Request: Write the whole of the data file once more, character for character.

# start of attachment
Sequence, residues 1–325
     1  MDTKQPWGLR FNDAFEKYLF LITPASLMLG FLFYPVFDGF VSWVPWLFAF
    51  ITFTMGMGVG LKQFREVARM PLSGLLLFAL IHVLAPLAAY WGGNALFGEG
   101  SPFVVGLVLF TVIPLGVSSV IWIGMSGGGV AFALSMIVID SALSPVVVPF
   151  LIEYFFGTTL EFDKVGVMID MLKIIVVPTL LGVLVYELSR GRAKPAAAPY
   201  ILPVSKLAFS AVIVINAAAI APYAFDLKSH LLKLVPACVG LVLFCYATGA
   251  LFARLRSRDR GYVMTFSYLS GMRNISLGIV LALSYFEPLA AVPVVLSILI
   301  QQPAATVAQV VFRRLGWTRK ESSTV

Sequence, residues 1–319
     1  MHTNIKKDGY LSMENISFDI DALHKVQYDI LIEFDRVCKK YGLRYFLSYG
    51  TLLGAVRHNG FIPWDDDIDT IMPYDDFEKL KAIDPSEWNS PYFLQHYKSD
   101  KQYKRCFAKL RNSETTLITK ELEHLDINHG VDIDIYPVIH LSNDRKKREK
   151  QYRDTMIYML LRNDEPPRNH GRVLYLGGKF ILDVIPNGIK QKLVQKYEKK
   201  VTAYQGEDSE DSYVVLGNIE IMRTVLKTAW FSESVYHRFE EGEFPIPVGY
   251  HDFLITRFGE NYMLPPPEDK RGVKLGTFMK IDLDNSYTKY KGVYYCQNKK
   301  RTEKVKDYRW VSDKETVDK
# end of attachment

Sequence, residues 1–325
     1  MDTKQPWGLR FNDAFEKYLF LITPASLMLG FLFYPVFDGF VSWVPWLFAF
    51  ITFTMGMGVG LKQFREVARM PLSGLLLFAL IHVLAPLAAY WGGNALFGEG
   101  SPFVVGLVLF TVIPLGVSSV IWIGMSGGGV AFALSMIVID SALSPVVVPF
   151  LIEYFFGTTL EFDKVGVMID MLKIIVVPTL LGVLVYELSR GRAKPAAAPY
   201  ILPVSKLAFS AVIVINAAAI APYAFDLKSH LLKLVPACVG LVLFCYATGA
   251  LFARLRSRDR GYVMTFSYLS GMRNISLGIV LALSYFEPLA AVPVVLSILI
   301  QQPAATVAQV VFRRLGWTRK ESSTV

Sequence, residues 1–319
     1  MHTNIKKDGY LSMENISFDI DALHKVQYDI LIEFDRVCKK YGLRYFLSYG
    51  TLLGAVRHNG FIPWDDDIDT IMPYDDFEKL KAIDPSEWNS PYFLQHYKSD
   101  KQYKRCFAKL RNSETTLITK ELEHLDINHG VDIDIYPVIH LSNDRKKREK
   151  QYRDTMIYML LRNDEPPRNH GRVLYLGGKF ILDVIPNGIK QKLVQKYEKK
   201  VTAYQGEDSE DSYVVLGNIE IMRTVLKTAW FSESVYHRFE EGEFPIPVGY
   251  HDFLITRFGE NYMLPPPEDK RGVKLGTFMK IDLDNSYTKY KGVYYCQNKK
   301  RTEKVKDYRW VSDKETVDK